MOGADISHU – The Food and Agriculture Organization of the United Nations (FAO) on Wednesday opened a new center that will monitor locust and other pests in northern Somalia.
The first Pest Control Center, based in Hargeisa, a key town in Somaliland, will act as a desert locust early warning and control base and will build local capacity to manage desert locusts in the future, the FAO said in a statement.
“Early action taken in Somaliland will definitely be a game changer and will help to prevent future upsurges and protect the livelihoods of millions of vulnerable communities in the whole eastern Africa region,” it said.
The worst desert locust crisis in decades hit the greater Horn of Africa in late 2019, where tens of thousands of hectares of cropland and pasture have been damaged, with severe consequences for agriculture-based livelihoods in contexts where food security is already affected by recurrent climate shocks such as droughts and floods, the FAO said.
“In Somaliland, where the vast majority of people depend on agriculture and livestock for their livelihoods, recurrent drought, and floods have resulted in significant impacts on household food security, and the desert locust crisis exacerbated the crisis, threatening the livelihoods of rural families,” it said.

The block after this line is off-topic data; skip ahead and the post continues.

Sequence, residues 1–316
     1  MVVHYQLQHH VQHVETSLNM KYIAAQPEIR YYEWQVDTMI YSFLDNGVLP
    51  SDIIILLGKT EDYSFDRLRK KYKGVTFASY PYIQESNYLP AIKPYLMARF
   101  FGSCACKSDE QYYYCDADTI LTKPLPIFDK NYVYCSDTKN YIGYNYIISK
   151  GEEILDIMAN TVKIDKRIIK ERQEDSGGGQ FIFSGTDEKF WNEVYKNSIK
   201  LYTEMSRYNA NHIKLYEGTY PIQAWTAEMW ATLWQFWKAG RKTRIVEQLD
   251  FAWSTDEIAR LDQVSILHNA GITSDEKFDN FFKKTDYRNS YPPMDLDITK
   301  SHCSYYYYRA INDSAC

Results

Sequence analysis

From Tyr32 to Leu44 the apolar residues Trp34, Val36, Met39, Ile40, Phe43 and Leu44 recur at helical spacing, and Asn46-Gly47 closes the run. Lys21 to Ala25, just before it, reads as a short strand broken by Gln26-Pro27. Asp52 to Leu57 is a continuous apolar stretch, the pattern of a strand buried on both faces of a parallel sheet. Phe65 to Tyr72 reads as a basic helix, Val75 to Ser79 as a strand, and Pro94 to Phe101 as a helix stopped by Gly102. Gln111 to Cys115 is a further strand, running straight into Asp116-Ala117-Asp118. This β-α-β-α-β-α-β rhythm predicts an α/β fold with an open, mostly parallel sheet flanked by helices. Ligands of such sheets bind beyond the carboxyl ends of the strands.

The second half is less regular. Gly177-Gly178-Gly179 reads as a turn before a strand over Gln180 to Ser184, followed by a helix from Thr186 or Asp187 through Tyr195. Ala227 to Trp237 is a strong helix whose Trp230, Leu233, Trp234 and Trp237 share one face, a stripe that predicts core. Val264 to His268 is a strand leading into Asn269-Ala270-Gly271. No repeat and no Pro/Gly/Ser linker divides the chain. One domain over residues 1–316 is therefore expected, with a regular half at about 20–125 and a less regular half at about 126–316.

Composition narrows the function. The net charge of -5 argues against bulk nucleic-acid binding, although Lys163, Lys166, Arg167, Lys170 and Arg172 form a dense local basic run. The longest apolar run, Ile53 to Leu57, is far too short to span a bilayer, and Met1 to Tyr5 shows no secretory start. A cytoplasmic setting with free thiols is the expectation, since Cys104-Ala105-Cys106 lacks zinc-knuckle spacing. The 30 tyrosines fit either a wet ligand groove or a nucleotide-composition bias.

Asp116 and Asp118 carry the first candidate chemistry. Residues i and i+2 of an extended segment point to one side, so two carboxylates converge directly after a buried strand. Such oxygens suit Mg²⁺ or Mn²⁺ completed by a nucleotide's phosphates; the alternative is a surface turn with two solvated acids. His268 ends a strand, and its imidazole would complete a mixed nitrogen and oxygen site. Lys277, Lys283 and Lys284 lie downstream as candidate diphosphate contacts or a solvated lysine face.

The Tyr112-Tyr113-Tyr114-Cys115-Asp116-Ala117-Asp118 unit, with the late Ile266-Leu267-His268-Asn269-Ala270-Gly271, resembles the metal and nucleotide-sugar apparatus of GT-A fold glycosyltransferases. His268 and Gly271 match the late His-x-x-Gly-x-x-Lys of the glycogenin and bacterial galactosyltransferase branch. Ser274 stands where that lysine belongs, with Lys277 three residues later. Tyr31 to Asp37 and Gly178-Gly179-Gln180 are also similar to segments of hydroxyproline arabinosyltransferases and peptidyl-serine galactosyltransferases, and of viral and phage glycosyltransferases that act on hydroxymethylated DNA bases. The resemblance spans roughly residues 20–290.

The FAO has been working with Somaliland to not only control the 2019-2021 desert locust upsurge but also to build the capacity of the government to quickly respond to and manage future upsurges in a timely manner.
The UN food agency said the choice of Hargeisa hosting the facility was informed by the fact that the hinterland of Somaliland extending from Zeylac to Berbera is some of the most ideal breeding grounds in the Horn of Africa and is regularly invaded by mature locust swarms from the Arabian Peninsula.
“The newly established center continues that collaborative effort, helping the Somaliland government to lead in the management of the crisis, and ensuring they are better prepared for such challenges in the future,” the FAO said.